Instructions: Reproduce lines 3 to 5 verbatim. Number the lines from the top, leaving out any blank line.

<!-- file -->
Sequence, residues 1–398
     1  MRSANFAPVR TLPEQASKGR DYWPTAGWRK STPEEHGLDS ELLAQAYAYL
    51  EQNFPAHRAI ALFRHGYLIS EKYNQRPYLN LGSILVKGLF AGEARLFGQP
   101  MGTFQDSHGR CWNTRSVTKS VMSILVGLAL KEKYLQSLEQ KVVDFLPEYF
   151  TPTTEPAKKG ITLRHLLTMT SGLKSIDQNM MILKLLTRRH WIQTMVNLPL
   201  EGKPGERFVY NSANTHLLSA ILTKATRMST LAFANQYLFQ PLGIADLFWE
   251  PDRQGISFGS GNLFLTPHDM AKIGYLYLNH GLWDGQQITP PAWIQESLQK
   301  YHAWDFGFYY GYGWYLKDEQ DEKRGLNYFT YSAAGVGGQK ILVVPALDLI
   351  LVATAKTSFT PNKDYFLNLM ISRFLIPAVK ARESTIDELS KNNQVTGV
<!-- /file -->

    51  EQNFPAHRAI ALFRHGYLIS EKYNQRPYLN LGSILVKGLF AGEARLFGQP
   101  MGTFQDSHGR CWNTRSVTKS VMSILVGLAL KEKYLQSLEQ KVVDFLPEYF
   151  TPTTEPAKKG ITLRHLLTMT SGLKSIDQNM MILKLLTRRH WIQTMVNLPL